The Day the Earth Stood Still Movie Review
As guns and tanks surround the saucer, an alien humanoid named Klaatu (Michael Rennie) comes out and announces that he comes in peace. Klaatu is taken by the U.S. government and demands to "deliver a message to all nations." The U.S. reluctantly agrees to set a meeting but the Russians refuse to come to the table. Impatiently, Klaatu escapes and boards with a divorcee (Patricia Neal), befriending her well-scrubbed American boy (Billy Gray), who shows him around Washington. Meanwhile, he tries to contact eminent scientists to persuade them to meet and hear his message.
The film is a little talky and slow-paced at first, a Robert Wise trademark. But by the time you get to the suspenseful conclusion (which I won't give away), you'll be hooked.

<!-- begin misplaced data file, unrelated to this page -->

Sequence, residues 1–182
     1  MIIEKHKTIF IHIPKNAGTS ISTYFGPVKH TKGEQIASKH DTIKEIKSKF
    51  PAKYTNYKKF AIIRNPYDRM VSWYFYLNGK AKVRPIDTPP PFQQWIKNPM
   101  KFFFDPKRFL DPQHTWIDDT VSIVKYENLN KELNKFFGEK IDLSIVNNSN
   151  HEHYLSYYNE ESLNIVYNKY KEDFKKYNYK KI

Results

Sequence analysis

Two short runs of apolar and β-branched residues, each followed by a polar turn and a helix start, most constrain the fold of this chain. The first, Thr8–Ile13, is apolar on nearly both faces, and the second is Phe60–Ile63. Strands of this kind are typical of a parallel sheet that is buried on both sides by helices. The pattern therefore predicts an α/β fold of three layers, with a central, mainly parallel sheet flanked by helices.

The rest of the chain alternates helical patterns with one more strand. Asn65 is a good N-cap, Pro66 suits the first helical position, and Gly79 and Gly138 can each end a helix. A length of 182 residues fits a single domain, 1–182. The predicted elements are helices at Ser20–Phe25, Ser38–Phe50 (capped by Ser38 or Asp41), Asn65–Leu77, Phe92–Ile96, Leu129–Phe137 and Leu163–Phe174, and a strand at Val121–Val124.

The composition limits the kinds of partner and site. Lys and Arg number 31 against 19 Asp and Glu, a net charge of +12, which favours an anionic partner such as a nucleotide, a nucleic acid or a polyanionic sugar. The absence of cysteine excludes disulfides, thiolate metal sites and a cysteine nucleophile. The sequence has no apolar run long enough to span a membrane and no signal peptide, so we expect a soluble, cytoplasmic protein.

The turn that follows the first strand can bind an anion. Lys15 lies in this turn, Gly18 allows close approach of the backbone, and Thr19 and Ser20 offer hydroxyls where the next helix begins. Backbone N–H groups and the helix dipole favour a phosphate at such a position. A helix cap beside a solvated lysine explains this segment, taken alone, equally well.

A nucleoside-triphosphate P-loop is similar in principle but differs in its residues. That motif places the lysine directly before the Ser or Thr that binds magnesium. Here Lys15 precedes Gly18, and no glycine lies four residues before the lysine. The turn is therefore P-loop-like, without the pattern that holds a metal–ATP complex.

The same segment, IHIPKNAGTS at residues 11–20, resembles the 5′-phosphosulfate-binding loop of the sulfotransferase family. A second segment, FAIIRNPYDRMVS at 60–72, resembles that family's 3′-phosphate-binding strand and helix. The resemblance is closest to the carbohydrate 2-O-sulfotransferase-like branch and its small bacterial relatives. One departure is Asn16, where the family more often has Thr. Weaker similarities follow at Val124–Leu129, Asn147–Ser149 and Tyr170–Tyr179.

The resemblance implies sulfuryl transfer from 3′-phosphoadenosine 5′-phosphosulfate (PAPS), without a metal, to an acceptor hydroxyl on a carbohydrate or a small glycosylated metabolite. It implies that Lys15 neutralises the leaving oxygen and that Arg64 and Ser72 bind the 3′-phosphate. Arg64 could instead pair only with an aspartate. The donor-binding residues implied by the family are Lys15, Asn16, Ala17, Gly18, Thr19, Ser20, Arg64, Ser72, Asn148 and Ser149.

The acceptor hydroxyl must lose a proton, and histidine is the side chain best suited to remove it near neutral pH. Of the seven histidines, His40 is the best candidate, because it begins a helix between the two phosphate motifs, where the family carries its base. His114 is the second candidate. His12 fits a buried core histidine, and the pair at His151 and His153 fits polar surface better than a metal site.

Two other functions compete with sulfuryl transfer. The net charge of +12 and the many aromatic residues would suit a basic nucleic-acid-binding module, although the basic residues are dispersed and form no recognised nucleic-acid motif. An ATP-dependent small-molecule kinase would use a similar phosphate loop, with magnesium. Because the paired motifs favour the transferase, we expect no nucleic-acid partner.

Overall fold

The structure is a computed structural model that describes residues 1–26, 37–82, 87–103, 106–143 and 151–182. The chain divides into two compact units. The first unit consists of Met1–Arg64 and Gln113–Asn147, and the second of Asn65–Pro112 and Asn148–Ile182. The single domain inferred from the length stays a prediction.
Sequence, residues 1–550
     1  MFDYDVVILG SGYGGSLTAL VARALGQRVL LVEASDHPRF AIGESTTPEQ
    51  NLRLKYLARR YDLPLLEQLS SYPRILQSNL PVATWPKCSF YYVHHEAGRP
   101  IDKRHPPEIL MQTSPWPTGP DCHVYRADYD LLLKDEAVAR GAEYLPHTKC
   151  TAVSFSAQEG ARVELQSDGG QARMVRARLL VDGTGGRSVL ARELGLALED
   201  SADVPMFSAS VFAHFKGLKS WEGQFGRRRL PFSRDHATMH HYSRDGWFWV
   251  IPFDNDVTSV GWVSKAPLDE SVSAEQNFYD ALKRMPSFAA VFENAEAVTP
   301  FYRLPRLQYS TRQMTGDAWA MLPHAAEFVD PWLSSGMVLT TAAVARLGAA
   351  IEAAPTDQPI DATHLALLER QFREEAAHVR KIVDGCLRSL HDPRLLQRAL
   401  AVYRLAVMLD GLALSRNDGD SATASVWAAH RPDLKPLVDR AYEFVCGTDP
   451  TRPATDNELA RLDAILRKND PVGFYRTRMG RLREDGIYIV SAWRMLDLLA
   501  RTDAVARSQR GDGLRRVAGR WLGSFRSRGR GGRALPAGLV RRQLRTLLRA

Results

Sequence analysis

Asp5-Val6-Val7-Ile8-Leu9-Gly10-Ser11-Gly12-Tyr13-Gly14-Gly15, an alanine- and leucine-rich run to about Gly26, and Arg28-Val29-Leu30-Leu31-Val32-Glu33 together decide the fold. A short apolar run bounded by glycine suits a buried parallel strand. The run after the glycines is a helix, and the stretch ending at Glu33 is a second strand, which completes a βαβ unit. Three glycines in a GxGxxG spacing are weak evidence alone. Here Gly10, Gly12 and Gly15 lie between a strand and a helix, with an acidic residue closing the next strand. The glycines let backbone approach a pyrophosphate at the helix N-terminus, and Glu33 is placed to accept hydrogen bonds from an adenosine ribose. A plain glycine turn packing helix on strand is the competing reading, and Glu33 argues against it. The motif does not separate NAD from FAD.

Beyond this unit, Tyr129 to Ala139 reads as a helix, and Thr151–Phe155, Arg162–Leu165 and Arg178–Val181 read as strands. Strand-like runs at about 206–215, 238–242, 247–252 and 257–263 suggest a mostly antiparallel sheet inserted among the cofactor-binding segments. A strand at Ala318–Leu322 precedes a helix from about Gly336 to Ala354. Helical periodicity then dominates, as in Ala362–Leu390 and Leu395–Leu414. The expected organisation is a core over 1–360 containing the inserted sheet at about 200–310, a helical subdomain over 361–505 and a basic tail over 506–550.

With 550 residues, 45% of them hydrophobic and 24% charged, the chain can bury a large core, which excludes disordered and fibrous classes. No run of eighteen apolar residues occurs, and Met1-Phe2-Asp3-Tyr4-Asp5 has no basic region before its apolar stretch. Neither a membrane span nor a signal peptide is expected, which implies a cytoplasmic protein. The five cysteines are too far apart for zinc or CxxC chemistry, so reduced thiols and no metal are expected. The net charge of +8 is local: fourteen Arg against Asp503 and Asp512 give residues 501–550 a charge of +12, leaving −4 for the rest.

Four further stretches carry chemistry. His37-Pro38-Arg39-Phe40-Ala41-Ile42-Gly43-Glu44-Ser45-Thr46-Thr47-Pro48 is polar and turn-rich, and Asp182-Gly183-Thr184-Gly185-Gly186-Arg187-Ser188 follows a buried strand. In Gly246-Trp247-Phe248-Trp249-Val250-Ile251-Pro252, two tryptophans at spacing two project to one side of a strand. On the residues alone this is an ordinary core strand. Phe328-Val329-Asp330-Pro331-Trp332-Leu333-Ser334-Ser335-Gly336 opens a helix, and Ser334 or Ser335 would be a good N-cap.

Like many Cold War sci-fi movies, The Day the Earth Stood Still succeeds as anti-nuclear allegory even as the music, costumes, and dialogue ratchet up the cheese factor ("Deploy all Zone 5 units according to Plan B! Immediately!"). Audiences in the 1950s didn't care if it was cheesy. The irony and cynicism of the '70s and '80s killed movies like this. It's a shame.
Perhaps the most unbelievable element of the script is that some of the politicians and scientists in the movie behave with politeness and intelligence. At least, it would be unbelievable now. Another noteworthy aspect of this film is that Klaatu speaks several lines of dialogue in his own language to his robot doppelganger, Gort. One phrase, "Gort, Klaatu barada nikto" was a catchphrase through the late '60s. Like a lot of things in the '60s, I guess you had to be there.